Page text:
Your high load temps look reasonably consistent with your high idle temperature, however. Is the ambient temperature (the temperature of the room your computer is operating in) very high, such as in the mid 80's°F (27°C)and above? Are you using the stock cooler? Is the cooler running at 100% fan speed, or being run based on an acoustic target instead? With aftermarket air cooling, my 1090t generally idles in between 10°C - 20°C, and the variance is directly related to the room temperature that the machine operates in. I can only hit the 60°C mark when stressing every core such as with Prime95. Right away I suspect your cooling is insufficient for the processor.

On another note, I would not fret about the 128°C temperature that you were reported by HWMonitor. It's common for the program to list out whatever available monitoring lines it finds in the system, only for those inputs to be unused by the manufacturer of your motherboard or other device. At that temp you'd likely be smelling something. :-)

One thing you might consider would be to increase the processor's heat sink fan speed, and perhaps even leave your computer's side panel off, to see if you can reduce your idle and load temperatures for your processor. If that alleviates your troubles for the most part, I think you're on track to getting things back to normal.

It's not unusual for the processor's heat sink to be clogged with dust after some time of usage. You should carefully inspect to see if perhaps you have an accumulation of dust on the fan blades and in the heat sink fins. This will drastically reduce the efficiency of your cooling, and often leads to lock-ups when you exceed your processor's thermal tolerance. It's not as readily apparent on some Intel chips, as that brand usually down-clocks to alleviate the problem, but that can be just as confusing to the end user. Either way, it's good to keep an eye on the processor cooling.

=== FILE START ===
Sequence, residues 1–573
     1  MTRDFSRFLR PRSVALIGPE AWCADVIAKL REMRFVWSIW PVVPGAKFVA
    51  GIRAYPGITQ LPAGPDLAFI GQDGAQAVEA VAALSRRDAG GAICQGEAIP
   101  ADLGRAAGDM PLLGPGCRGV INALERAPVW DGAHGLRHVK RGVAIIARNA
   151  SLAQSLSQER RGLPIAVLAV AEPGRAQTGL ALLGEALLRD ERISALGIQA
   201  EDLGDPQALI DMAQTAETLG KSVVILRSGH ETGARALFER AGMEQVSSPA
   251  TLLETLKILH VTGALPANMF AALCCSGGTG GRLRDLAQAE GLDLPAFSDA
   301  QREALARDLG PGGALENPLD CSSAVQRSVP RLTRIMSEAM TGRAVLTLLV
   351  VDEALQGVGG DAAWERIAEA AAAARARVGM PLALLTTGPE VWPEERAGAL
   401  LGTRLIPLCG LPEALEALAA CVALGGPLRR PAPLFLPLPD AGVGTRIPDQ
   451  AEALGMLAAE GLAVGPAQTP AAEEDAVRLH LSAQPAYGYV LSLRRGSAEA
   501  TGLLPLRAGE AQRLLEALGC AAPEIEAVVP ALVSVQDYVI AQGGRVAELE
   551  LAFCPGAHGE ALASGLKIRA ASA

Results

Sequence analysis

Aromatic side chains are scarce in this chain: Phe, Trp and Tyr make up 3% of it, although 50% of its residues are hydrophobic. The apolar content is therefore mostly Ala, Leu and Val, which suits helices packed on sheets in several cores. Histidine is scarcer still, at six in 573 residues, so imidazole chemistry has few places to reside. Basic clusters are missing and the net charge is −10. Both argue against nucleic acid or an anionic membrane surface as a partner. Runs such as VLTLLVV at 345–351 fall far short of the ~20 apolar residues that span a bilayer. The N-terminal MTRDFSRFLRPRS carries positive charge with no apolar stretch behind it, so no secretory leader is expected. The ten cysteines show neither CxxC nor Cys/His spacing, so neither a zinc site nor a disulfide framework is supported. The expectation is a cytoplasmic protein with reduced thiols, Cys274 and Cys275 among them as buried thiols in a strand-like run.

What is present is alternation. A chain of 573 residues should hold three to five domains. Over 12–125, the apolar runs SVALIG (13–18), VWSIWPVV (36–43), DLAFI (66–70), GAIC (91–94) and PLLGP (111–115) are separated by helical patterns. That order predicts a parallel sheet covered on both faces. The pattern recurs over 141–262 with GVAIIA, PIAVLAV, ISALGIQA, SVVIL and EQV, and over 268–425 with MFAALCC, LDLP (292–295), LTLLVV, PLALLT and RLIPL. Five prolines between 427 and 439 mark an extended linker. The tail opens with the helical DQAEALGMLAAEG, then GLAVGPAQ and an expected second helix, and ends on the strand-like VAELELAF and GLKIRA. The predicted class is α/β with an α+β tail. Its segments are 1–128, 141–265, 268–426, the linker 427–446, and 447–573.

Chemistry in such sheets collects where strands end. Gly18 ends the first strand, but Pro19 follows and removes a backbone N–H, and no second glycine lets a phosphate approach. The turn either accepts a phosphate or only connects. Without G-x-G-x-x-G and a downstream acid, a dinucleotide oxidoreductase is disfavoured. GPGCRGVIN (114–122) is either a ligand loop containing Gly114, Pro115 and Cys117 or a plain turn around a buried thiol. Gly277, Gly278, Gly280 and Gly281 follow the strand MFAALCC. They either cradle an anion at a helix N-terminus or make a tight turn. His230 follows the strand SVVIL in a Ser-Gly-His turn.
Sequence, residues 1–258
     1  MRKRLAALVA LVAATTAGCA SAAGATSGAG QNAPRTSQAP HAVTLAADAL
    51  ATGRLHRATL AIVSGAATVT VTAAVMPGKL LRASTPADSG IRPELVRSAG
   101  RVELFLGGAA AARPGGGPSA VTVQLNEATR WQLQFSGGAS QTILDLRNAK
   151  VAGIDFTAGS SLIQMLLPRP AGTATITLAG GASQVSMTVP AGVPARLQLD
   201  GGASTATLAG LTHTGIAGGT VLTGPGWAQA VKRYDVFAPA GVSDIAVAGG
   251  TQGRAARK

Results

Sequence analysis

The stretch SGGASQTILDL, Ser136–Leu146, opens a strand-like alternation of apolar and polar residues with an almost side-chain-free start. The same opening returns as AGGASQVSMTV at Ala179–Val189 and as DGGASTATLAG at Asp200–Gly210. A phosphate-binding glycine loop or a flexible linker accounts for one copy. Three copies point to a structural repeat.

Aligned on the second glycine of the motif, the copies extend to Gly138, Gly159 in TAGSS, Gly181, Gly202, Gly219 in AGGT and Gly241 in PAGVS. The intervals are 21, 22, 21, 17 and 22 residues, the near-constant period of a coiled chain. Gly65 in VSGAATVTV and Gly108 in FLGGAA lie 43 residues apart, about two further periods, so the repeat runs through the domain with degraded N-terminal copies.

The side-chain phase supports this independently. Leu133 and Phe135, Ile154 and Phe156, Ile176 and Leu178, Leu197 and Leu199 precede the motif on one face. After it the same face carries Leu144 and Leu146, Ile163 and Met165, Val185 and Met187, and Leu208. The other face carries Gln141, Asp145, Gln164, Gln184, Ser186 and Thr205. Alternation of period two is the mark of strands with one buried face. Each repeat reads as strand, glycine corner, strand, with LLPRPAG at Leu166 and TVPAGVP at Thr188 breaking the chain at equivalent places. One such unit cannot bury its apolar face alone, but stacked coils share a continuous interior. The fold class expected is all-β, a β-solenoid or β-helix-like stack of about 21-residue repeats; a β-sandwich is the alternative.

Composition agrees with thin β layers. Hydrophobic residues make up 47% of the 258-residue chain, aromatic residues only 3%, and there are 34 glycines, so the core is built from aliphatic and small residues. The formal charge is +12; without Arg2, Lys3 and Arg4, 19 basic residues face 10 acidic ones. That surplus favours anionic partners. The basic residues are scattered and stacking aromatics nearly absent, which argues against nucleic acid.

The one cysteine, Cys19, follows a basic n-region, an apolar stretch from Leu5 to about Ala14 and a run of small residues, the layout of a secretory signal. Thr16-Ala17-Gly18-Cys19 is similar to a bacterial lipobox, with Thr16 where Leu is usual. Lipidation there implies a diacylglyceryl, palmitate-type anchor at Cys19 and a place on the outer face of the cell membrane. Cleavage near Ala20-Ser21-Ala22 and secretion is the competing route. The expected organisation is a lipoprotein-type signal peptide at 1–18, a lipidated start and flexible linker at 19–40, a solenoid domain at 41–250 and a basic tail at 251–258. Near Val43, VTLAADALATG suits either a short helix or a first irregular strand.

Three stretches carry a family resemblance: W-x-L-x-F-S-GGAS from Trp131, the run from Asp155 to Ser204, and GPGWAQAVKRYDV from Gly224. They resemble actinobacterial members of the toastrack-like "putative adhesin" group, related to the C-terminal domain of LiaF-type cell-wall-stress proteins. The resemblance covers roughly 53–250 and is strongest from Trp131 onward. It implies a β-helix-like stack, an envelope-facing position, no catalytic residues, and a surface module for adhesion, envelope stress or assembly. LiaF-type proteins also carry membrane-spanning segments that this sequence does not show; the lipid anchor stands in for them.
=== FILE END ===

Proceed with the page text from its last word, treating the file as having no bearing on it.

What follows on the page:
If you find the heat sink to be clogged, and decide to clean it, or remove and clean it, it would be good to know a few tips, and have a few things handy. If you remove the heat sink, you should find what is known as a TIM or "thermal interface material" between the heat sink base and the top of the processor. This should be cleaned from both surfaces and replaced. If you don't have replacement on hand, you may want to hold off on removing your heat sink. To clean the material off, isopropyl (rubbing alcohol) and q-tips or coffee filters works well. Let the alcohol air dry, which only takes a moment, and then use about a chick-pea sized drop of thermal compound in the very center of the processor's heat spreader, when remounting the cooler.

When cleaning the fan blades or heat sink fins, if you use any form of compressed air to dislodge the built up accumulation, make sure you do not allow the fan to spin freely. Hold the blades in place with a pencil or q-tip, or even your finger, so they do not spin excessively fast. The bearings for the small fans are not designed to handle the high RPMs that compressed air will drive them at, and can end up ruined or at least, very noisy.



I'm using the stock cooler which came with the Processor, which come to think of it, is over a year old now. I'll give it a good clean I think. I have some of the TIM you spoke about so that should be easy enough.
I would buy an aftermarket cooler but I can't afford one really. Unless you can recommend one which would be of reasonable price?